Instead, she used their debit and credit cards to pay her bills and withdraw cash and wrote extravagant checks on their accounts to herself and to pay a friend to do maintenance and repairs on their townhouse, according to charges filed in Ramsey County District Court.

Weimar, 52, of Oakdale, is charged with one count of felony theft by swindle. The criminal complaint said she took more than $17,000 from the sisters while serving as a home health-care aide. Her first court appearance is Jan. 6.

"That is just not true at all," Weimar said Friday. "All those things went to them. They gave me that card to use. The money that was taken out was used to replace a deck on their townhouse. They wanted it before winter."

Full Article and Source:
Oakdale Health Care Worker Charged With Bilking Elderly Sisters

Thursday, December 17, 2009

Investigation Discovery Documentary Airs Tonight: "The Will: Family Secrets Revealed"


Steeped in circumstances, legal complexities and raw family emotion, a will has the ability to tear families apart or bring them together. In THE WILL: FAMILY SECRETS REVEALED, Investigation Discovery invites viewers on an emotional and intimate journey as the final wishes of the deceased are revealed to the family members left behind. Expressed in dollars and cents, heirlooms and even last words of wisdom, a person's will is often a telling reflection of what they perceived of their loved ones. But, what happens when there's room for interpretation to the final will? Or worse - what if a person leaves no will at all?

Presenting a unique documentary that explores family intrigue and legal wrangling, Investigation Discovery will air a pilot of THE WILL: FAMILY SECRETS REVEALED on Thursday, December 17 at 9 PM ET.

"As we continue to expand the scope of ID's investigative programming, THE WILL: FAMILY SECRETS REVEALED examines the compelling stories of family dynamics in the wake...of a wake," said Henry Schleiff, president and general manager, Investigation Discovery. "We believe this show, along with future episodes, will allow us to explore explores a part of the human condition often overlooked in both life and death - greed."

Full Article and Source:
The Will: Family Secrets Revealed

Backlogged Court Calendars Can be Treated as Judicial Misconduct

The state's top court ruled Tuesday that backlogged court calendars can be treated as judicial misconduct, ordering a hearing for a former Kingston City Court judge who was publicly reprimanded by the state Commission on Judicial Conduct this year.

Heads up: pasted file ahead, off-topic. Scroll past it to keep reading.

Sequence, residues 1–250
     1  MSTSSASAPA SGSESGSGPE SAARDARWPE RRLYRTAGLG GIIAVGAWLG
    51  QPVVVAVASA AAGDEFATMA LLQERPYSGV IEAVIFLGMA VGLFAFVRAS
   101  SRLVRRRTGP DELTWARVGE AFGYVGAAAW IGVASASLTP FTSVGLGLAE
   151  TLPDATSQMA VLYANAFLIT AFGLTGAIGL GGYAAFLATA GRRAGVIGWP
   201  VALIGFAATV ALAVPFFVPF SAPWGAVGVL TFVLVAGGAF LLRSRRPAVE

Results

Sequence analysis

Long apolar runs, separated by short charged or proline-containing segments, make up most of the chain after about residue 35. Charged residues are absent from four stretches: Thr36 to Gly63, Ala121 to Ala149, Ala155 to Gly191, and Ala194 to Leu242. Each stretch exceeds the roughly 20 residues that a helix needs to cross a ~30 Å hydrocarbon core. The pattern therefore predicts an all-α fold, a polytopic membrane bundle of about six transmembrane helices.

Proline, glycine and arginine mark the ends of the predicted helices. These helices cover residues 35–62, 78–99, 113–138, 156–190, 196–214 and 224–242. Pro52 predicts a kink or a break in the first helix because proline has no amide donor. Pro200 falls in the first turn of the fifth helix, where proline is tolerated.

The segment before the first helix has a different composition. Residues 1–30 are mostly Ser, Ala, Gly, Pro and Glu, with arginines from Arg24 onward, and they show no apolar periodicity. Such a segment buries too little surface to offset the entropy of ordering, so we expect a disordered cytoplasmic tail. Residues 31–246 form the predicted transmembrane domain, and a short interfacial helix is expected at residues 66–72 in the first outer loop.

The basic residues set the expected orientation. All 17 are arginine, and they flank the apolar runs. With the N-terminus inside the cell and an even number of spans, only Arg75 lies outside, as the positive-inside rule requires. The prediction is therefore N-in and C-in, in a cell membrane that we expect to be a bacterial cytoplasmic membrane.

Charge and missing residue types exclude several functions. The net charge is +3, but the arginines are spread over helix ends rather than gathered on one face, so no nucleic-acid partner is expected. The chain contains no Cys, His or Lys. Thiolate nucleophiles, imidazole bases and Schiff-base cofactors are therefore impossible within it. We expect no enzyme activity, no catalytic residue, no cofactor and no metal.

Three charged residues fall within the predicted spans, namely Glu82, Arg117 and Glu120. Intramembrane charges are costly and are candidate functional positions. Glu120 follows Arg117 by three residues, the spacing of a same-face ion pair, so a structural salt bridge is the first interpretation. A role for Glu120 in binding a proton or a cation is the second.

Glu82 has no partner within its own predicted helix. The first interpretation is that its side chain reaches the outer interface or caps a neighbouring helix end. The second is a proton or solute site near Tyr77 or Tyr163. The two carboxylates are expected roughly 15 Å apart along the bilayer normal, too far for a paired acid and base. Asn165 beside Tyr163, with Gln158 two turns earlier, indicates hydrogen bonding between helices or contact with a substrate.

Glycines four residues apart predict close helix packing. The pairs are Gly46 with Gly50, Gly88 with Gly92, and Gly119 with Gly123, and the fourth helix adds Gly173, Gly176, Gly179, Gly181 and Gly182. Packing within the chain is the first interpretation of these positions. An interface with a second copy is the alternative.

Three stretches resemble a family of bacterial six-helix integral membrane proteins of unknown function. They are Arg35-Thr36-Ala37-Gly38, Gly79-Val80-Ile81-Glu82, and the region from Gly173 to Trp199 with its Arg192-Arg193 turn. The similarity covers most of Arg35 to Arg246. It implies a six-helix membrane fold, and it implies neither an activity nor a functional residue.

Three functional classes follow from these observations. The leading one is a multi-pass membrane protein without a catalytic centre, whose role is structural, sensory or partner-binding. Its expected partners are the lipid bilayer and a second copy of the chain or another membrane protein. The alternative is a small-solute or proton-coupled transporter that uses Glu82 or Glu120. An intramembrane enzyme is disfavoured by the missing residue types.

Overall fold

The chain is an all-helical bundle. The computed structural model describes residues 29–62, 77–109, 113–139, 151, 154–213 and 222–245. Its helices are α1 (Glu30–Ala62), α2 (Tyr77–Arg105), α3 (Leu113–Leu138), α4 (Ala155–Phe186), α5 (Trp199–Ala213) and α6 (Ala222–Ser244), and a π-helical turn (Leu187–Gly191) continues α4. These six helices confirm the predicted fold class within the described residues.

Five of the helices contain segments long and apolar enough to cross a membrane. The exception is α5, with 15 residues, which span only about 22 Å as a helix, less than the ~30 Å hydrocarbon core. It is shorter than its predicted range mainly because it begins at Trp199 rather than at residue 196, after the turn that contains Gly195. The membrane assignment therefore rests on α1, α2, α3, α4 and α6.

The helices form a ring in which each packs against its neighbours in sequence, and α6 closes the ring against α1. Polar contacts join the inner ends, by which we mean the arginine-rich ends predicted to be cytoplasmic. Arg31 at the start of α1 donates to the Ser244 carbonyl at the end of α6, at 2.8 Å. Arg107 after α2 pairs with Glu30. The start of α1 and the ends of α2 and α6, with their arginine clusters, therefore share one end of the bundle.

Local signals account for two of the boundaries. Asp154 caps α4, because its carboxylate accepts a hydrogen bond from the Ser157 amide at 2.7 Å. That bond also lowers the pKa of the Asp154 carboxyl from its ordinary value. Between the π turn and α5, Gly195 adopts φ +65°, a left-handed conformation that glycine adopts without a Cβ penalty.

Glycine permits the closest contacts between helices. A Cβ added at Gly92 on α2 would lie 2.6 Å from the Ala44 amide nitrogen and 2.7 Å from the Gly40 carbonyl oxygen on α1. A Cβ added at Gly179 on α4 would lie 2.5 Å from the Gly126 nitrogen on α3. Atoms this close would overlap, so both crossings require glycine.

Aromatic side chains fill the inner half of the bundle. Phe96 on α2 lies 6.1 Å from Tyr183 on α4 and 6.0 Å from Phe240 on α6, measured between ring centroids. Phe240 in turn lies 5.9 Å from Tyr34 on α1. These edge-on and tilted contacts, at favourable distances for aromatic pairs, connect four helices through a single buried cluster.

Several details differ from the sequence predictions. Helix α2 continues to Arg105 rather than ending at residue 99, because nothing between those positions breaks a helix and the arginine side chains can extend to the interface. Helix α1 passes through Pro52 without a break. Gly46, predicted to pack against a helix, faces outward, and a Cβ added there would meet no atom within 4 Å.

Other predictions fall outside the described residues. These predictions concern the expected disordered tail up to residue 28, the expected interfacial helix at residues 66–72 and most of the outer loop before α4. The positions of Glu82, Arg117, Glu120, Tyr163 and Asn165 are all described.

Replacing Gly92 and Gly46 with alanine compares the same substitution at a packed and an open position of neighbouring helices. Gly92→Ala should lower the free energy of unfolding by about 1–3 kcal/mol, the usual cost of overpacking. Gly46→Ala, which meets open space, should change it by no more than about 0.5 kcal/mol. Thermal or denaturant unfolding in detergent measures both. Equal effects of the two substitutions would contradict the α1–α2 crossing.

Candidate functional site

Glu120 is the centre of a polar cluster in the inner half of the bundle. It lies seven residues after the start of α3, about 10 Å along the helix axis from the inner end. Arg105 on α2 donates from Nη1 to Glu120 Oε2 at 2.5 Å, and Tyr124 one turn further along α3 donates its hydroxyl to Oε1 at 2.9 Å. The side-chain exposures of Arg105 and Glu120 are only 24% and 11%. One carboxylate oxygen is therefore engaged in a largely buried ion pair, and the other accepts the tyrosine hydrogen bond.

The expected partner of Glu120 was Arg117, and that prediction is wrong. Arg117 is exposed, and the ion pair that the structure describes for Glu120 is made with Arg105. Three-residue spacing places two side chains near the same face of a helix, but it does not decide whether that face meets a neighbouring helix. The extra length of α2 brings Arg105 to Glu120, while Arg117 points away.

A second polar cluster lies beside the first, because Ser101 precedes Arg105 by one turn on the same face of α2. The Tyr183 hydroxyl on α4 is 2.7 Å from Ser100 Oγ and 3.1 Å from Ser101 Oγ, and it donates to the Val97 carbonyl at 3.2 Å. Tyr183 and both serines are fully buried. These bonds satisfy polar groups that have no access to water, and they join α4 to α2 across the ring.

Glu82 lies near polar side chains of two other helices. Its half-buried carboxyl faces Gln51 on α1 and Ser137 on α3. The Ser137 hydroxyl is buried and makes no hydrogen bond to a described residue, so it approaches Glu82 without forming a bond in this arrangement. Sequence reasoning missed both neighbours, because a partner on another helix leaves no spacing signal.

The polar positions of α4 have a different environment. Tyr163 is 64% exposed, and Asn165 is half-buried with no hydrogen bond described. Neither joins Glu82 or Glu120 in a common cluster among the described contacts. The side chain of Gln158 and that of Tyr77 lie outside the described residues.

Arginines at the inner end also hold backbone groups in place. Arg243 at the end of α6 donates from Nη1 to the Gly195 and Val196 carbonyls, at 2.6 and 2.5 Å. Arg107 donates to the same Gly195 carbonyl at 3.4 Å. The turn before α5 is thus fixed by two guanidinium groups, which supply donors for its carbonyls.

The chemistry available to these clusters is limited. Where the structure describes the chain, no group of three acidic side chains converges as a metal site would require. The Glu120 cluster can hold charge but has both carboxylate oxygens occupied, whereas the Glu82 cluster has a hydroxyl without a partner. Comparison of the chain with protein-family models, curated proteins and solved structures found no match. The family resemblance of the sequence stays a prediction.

The decision by the Court of Appeals said a judge's failure to move cases in a timely way is primarily something for administrators to correct. But the decision also said, “it is not workable to exclude completely the possibility of more formal discipline for such behavior, in cases where the delays are lengthy and without valid excuse.”

Kingston City Court Judge James Gilpatric's lawyer, James E. Long, said he welcomes the hearing before the state commission, adding that “we're confident that we will show that he didn't commit misconduct.” But he predicted the decision will have serious consequences in other cases, because delays that were once resolved by an administrator could lead to allegations of misconduct.

“It basically opens the floodgates for the commission to investigate judges,” he said. “Each case is going to require a hearing.”

Full Article and Source:
Appeals Court Orders Hearing for Kingston Judge Who Was Reprimanded for Court Backlogs

Alleged $1.9 Mil Scheme Targeting Elderly

Federal prosecutors are seeking more than $1.9 million from a Trenton man who they say gained the money through a Ponzi scheme that targeted elderly people.

Lavern Huelsmann, 44, was indicted on charges of mail fraud and engaging in a financial transaction in excess of $10,000 from property derived from mail fraud.

The indictment accuses Huelsmann of selling fraudulent investments to elderly people. The charges were issued by a federal grand jury in East St. Louis.

The charges contain a forfeiture allegation, seeking $1.93 million in "funds representing the value of criminally obtained proceeds."

The charges carry a maximum sentence of 30 years in prison and a fine up to $500,000.

According to the indictment, Huelsmann has been operating under the business named Senior Retirement Services and was licensed to sell only approved life insurance and fixed-annuity products.